A new Lancet Commission suggests that adolescent health and wellbeing has been neglected and underinvested with the poorest healthcare coverage of any age group. While global efforts to improve the health of children under 5 have led to major improvements in younger ages, the leading causes of death for young people aged 10-24 years have changed remarkably little from 1990 to 2013.
Maternal disorders were the leading cause of death in young women in 2013, responsible for 17% of deaths in women aged 20-24 and 11.5% in girls aged 15-19. In addition, obesity, mental health conditions and sexual and reproductive health problems, including unsafe sex and early pregnancy, contribute to some of the most dominant health problems in young people
Dr David Richmond, President of the Royal College of Obstetricians and Gynaecologists (RCOG), said:
“The findings of this major study are a stark wake-up call around the importance of protecting the health and wellbeing of young people globally. Behaviours that start in childhood and adolescence can determine health and wellbeing for a lifetime. We must therefore focus on a life-course approach to healthcare, using every interaction a person has with a health service, irrespective of age, to promote health and lifestyle rather than a constant firefight against disease and ill health.
"The study highlights that unsafe sex is the fastest growing risk-factor for ill health among 10-24 year olds and early pregnancy remains a significant threat to a young woman’s health, wellbeing and life chances. We know that approximately 225 million women in the world have no access to family planning and therefore little control over whether and when they become pregnant. Providing these women with the choice to use effective contraception and to space their babies by 24 months or more, would prevent 54 million unintended pregnancies, 79,000 maternal deaths and 1.1 million infant deaths. Our Leading Safe Choices programme is committed to improving women’s health by expanding contraceptive choice, particularly long-acting reversible methods.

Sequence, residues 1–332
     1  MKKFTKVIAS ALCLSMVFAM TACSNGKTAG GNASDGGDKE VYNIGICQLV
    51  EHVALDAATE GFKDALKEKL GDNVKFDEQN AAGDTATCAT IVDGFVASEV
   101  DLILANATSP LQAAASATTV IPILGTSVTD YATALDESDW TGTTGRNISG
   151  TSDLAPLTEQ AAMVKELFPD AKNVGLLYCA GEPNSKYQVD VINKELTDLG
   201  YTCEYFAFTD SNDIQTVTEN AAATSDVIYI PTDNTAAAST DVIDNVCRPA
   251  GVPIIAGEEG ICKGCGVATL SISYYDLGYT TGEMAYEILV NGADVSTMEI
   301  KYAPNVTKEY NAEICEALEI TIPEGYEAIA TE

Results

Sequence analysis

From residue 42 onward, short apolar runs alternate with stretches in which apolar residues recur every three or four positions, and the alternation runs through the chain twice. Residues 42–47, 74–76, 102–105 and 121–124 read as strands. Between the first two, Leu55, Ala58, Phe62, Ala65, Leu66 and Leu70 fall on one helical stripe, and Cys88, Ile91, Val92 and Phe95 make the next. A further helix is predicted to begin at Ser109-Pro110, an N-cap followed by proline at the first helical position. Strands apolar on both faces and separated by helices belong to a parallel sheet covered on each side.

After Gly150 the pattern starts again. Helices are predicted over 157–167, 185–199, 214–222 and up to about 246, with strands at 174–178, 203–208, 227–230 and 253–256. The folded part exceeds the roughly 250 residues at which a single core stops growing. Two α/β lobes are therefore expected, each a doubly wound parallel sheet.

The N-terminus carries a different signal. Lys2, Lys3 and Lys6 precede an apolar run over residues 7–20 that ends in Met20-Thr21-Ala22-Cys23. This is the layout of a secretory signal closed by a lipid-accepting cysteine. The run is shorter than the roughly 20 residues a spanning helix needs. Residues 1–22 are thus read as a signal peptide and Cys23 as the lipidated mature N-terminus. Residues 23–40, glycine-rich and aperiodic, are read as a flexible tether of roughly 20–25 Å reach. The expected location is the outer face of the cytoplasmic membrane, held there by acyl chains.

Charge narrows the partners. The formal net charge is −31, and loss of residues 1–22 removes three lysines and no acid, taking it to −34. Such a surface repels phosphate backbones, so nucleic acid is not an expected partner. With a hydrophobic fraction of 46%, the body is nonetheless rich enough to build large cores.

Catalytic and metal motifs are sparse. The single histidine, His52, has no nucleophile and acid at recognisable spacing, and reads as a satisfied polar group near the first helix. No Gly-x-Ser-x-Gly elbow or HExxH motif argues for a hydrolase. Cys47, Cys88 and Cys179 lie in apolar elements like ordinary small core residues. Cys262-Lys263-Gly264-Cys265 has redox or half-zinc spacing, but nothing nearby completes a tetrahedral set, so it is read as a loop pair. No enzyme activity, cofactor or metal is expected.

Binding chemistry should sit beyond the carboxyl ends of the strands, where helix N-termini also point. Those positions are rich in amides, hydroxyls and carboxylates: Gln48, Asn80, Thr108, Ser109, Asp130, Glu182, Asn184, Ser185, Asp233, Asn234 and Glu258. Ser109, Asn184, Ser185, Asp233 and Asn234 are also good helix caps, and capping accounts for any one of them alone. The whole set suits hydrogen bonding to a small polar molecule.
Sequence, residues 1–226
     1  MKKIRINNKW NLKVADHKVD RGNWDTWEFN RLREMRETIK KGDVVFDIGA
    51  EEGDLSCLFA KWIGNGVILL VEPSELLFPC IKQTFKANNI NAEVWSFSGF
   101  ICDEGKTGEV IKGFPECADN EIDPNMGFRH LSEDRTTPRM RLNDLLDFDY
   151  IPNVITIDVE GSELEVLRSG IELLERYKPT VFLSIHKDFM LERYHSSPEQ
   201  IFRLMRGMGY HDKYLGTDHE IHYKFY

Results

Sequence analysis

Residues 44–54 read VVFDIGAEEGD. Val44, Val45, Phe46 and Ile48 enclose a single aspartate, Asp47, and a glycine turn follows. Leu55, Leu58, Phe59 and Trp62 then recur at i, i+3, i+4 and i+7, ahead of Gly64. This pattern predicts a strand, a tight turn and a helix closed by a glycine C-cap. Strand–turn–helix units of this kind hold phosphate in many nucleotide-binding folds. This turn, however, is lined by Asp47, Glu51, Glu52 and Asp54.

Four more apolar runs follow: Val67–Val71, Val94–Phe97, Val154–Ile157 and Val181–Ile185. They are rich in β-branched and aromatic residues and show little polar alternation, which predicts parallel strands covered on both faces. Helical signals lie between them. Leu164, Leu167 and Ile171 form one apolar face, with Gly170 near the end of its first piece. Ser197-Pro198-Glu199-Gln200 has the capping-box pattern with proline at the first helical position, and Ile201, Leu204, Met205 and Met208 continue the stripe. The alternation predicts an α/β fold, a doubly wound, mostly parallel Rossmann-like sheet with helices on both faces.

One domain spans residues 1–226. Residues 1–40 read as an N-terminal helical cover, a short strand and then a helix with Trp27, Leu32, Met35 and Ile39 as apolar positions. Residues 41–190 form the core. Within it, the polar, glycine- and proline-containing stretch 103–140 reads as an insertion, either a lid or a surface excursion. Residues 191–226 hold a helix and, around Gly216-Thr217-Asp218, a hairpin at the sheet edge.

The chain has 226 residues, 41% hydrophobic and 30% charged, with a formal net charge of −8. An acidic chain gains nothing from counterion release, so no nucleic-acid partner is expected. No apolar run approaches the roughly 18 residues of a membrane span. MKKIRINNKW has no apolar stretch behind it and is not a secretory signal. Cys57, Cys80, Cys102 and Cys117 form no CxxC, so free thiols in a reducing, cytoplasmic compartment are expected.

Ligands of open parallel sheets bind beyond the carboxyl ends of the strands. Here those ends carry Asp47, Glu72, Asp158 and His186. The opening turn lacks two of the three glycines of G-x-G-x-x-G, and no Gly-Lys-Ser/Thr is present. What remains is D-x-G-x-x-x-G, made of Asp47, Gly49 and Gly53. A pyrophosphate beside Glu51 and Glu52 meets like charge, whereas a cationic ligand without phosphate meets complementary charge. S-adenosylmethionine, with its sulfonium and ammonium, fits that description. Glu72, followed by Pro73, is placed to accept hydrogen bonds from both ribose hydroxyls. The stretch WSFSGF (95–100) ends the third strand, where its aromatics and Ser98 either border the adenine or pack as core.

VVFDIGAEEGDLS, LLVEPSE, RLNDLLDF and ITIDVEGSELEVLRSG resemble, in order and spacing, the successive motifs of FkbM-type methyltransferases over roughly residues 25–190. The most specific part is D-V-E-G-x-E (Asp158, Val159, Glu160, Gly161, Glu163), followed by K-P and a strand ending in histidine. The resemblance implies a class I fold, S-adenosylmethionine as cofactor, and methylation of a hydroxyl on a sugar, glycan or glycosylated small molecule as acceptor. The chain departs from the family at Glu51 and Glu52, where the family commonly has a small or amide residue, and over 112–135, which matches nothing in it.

“Another challenge that adolescents face today, which can have a significant impact on a woman’s long-term health, is the rising levels of obesity. Obesity during pregnancy has been linked to an increased risk of miscarriage, stillbirth and neonatal death as well as pregnancy complications such as gestational diabetes, blood clots, pre-eclampsia, a more complicated labour, and severe bleeding after the birth. Obesity also impacts on gynaecological health and some cancers are associated with obesity including breast and endometrial cancers. As healthcare professionals, we have a key role in encouraging women to adopt healthy lifestyles through regular moderate physical activity and eating well.
“One in four people will experience a mental health problem at some point in their lifetime. This study highlights more than 10% of 10-24 year olds experience depression and self-harm contributed to 9.3% of deaths in 20-24 year olds. Maternal mental health problems are also a growing epidemic. No woman or girl should suffer in silence and the RCOG is committed to improving care, but also ending the taboo which continues to surround maternal mental health.
“Over the past few decades, global efforts have been made to improve the health of children under 5, however, this study underlines the urgent need to focus on improving the health and reducing the burden of disease among the 1.8 billion adolescents worldwide. A key aspect of this will include education, awareness raising and empowering them to take responsibility for their health.”
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